Barry Gibb Reflects On How Fame Consumed Michael Jackson


Although the Bee Gees' level of fame at several different points in their career was overwhelming — sole survivor Barry Gibb is grateful that it never took over their lives. In a new chat with Mojo, Gibb talked about how the group's early popularity turned him and his late brothers Robin and Maurice against one another, explaining, "Fame was like a drug, y'know, that made us feel like we had to compete with each other. I guess that’s what happens, especially ultra fame, which I never had, I’ll never get and I don’t want it. That’s the kind of fame that destroys you."

Gibb went on to say, "I got to know Michael Jackson pretty well. I noticed how lonely he was. He’d lost the ability to trust anybody. That’s what that kind of fame does. You don’t believe that anybody wants to be your friend without a reason. You look for the unconditional love, but it’s not there at that level of fame. So Michael traveled around visiting people who were famous like him, just to be able to relate to somebody else. I know he used to go and see Marlon Brando quite a bit. He would just walk into famous people’s houses, and he felt comfortable doing that."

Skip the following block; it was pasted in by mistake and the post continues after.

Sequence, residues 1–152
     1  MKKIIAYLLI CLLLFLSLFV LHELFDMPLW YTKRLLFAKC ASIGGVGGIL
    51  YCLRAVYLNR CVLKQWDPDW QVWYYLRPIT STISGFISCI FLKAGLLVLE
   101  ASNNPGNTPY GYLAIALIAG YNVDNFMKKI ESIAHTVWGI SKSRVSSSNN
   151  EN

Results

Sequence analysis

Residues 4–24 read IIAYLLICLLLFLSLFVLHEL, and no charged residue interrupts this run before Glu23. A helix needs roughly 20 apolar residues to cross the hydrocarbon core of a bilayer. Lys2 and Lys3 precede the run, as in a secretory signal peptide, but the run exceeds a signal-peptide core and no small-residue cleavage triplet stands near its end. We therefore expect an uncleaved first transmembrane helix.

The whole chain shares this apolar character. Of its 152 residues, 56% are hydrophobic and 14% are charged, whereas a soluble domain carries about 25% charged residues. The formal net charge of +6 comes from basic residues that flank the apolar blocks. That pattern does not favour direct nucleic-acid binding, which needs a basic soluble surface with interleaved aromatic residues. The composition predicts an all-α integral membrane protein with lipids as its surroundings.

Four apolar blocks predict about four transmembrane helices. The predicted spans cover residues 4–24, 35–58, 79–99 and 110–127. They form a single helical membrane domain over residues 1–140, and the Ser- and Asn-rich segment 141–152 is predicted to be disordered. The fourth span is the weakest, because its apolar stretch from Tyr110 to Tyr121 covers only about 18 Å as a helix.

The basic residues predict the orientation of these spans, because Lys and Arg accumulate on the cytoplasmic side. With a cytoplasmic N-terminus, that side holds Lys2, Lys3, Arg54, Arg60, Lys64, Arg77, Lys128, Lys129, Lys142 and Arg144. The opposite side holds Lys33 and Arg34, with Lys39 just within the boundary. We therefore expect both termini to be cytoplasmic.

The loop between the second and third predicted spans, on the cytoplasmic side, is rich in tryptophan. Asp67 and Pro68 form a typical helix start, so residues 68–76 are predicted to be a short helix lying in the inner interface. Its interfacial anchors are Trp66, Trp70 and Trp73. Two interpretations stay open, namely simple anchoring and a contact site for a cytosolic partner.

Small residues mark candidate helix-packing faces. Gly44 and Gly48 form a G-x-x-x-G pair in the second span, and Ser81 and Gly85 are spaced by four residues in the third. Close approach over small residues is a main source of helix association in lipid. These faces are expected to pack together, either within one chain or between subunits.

He spoke about how the public persona of Michael Jackson became his reality: "We spent weeks together, I got to know him pretty well, and he was very lonely and isolated. He would sit in my lounge dressed as if he was going on stage. It had basically taken over his whole life. He didn’t know how to be a normal person any more. He wished he was somewhere else, or someone else. I never had that kind of fame. I managed to keep my distance, love and raise my kids and basically keep my sanity, to some extent. That’s probably my best achievement."

Family has always been incredibly important to the Gibb clan. Barry Gibb recalled how in 1966 the teenage Gibbs convinced their parents that pop stardom could only be achieved by sailing back to Britain from their adopted home in Australia: ["It was very difficult for mum and dad to think, 'Well, hang on — we're going to have to give up making a living in order to take this chance, in order to get back on a ship and sail five more weeks back across the world to England on the chance that our three sons think they could be stars.' But we told them, 'This is what we're going to do, mum and dad. This is what we're going to do, and you've got to go with us. You've got to do this with us.'"] SOUNDCUE (:22 OC: . . . this with us)

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